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Fear of movement after an acute cardiac event, experiences, beliefs, barriers and support needs in patients and their caregiver.

Session EAPC Essentials 4 You - ePosters

Speaker Paul Keessen

Event : EAPC Essentials 4 You 2020

  • Topic : preventive cardiology
  • Sub-topic : Secondary Prevention
  • Session type : ePosters

Authors : P Keessen (Amsterdam,NL), CHM Latour (Amsterdam,NL), B Visser (Amsterdam,NL), ICD Van Duijvenbode (Amsterdam,NL), A Van Proosdij (Amsterdam,NL), D Reen (Amsterdam,NL), WJM Scholte Op Reimer (Amsterdam,NL)

Authors:
P Keessen1 , CHM Latour1 , B Visser1 , ICD Van Duijvenbode1 , A Van Proosdij1 , D Reen1 , WJM Scholte Op Reimer2 , 1Amsterdam University of Applied Sciences , ACHIEVE - Amsterdam Centre for Innovative Health Practice - Amsterdam - Netherlands (The) , 2Amsterdam UMC - Location Academic Medical Center - Amsterdam - Netherlands (The) ,

Topic(s):
Secondary Prevention

Background: Fear of movement (Kinesiophobia) after an acute cardiac hospitalization (ACH) is associated with reduced physical activity (PA) and non-adherence to cardiac rehabilitation (CR). In order to stimulate PA and the uptake of CR, more insight is needed in 1) experiences, beliefs and barriers associated with kinesiophobia and 2) support needs in patients and spouses concerning PA and CR.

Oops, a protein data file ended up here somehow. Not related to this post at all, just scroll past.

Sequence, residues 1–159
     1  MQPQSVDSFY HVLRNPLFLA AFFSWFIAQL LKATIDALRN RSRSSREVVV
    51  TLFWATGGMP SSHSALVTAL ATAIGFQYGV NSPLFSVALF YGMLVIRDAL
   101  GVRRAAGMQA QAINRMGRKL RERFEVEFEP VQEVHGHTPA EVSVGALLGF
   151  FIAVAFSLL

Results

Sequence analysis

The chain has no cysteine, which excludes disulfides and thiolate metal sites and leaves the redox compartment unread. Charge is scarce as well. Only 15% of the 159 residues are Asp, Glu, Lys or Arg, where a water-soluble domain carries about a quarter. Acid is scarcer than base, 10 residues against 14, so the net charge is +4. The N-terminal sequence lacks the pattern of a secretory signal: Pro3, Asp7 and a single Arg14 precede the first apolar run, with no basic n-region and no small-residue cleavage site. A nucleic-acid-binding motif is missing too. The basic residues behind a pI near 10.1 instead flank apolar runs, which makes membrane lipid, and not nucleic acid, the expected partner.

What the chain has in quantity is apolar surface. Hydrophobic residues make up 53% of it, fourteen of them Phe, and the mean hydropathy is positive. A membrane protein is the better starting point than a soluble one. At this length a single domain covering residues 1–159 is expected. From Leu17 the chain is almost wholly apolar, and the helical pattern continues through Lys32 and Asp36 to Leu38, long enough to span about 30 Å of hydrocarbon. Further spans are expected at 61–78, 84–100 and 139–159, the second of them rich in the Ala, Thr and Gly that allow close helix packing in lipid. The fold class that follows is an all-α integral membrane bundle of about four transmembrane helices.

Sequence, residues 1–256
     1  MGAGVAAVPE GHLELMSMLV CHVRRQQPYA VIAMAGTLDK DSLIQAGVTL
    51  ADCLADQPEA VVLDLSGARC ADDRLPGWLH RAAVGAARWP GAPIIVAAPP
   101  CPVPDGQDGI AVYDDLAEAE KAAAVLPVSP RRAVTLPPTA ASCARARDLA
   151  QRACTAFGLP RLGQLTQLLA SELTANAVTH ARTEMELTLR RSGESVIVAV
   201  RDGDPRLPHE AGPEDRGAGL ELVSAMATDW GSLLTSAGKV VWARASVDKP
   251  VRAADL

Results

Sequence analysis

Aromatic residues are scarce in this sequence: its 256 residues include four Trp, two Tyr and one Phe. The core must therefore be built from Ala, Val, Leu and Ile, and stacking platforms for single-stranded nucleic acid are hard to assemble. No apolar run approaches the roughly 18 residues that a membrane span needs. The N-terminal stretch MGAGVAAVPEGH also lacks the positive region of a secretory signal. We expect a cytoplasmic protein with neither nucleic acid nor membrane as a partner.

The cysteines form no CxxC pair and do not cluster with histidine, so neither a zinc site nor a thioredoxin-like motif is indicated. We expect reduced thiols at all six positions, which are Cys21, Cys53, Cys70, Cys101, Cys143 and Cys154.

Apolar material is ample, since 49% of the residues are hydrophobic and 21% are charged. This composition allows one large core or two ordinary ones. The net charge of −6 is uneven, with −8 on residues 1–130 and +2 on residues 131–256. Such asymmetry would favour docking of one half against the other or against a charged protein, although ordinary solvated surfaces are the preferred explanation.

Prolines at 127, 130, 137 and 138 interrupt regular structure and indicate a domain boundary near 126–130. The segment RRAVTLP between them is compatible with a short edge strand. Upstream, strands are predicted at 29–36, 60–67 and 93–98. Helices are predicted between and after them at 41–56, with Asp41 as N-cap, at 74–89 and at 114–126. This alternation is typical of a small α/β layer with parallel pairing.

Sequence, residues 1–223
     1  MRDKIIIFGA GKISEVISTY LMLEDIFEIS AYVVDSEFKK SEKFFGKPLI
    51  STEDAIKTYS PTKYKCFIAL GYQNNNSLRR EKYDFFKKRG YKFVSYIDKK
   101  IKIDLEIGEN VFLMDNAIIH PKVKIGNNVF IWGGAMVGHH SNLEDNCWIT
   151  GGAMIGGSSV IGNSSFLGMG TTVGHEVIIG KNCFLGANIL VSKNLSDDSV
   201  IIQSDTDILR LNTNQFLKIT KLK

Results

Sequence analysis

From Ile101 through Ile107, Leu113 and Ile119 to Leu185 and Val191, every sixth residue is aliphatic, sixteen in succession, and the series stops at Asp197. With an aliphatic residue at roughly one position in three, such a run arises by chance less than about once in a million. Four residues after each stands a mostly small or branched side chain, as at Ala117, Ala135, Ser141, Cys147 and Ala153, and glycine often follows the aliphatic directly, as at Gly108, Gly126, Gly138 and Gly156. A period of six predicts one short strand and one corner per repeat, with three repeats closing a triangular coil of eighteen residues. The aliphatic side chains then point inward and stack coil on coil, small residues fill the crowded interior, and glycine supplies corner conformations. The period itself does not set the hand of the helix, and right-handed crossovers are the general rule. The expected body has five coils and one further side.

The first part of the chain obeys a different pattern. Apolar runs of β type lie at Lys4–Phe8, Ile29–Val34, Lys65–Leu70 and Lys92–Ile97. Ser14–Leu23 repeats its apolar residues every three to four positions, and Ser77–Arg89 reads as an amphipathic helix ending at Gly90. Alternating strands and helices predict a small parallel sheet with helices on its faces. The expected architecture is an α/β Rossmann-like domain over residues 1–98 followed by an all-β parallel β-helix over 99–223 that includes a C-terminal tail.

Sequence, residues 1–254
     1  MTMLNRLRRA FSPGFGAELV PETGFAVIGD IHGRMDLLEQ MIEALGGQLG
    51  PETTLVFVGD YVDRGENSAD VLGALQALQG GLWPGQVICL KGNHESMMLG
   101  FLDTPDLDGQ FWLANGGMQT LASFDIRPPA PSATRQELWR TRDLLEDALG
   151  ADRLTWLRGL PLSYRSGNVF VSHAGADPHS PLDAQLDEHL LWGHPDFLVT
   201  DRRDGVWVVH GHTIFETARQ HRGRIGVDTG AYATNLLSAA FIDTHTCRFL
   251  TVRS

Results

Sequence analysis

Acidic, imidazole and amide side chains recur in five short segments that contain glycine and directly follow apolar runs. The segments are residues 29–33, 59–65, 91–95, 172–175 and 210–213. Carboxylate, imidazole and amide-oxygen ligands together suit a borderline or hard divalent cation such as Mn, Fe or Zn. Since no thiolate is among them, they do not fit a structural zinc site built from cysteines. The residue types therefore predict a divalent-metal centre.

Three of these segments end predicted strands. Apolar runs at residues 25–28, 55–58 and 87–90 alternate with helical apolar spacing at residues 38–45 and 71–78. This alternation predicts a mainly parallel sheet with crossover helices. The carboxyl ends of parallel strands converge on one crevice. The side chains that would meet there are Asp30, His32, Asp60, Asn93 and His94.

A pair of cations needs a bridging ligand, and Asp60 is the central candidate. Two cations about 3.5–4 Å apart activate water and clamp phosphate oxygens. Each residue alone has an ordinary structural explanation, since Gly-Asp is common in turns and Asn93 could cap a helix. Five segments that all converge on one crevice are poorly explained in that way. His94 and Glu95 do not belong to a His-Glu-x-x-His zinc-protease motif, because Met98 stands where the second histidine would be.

Purpose: To investigate factors (i.e. experiences, beliefs and barriers) related to the presence of kinesiophobic traits after an ACH.  
Methods: 16 participants (9 women, mean age 63) with an ACH were included in this study. Nine patients were identified with high levels of kinesiophobia (Tampa Scale for Kinesiophobia Diutch version >28). Patients participated in semi-structures interviews 2-3 weeks after hospital discharge. All interviews were analyzed with an inductive content analysis.
Results: Six main themes were identified as experiences, beliefs and barriers related to kinesiophobia: 1) negative experience hospital, 2) lack of information and support, 3) distressing body signals, 4) Fear of injury, 5) passive coping style and 6) Lack of support. Patients formulated the following support needs: 1) consistent information about their cardiac event/intervention and building up PA after ACH, 2) contact with a health care professional during and after hospital discharge to be reassured and develop and active lifestyle.
Conclusion: This study reveals important factors that are related to kinesiophobia and describes the support needs of patients with kinesiophobia. These findings can be used to develop a tailored intervention to prevent kinesiophobia and potentially bridge the gap from hospital discharge to CR.

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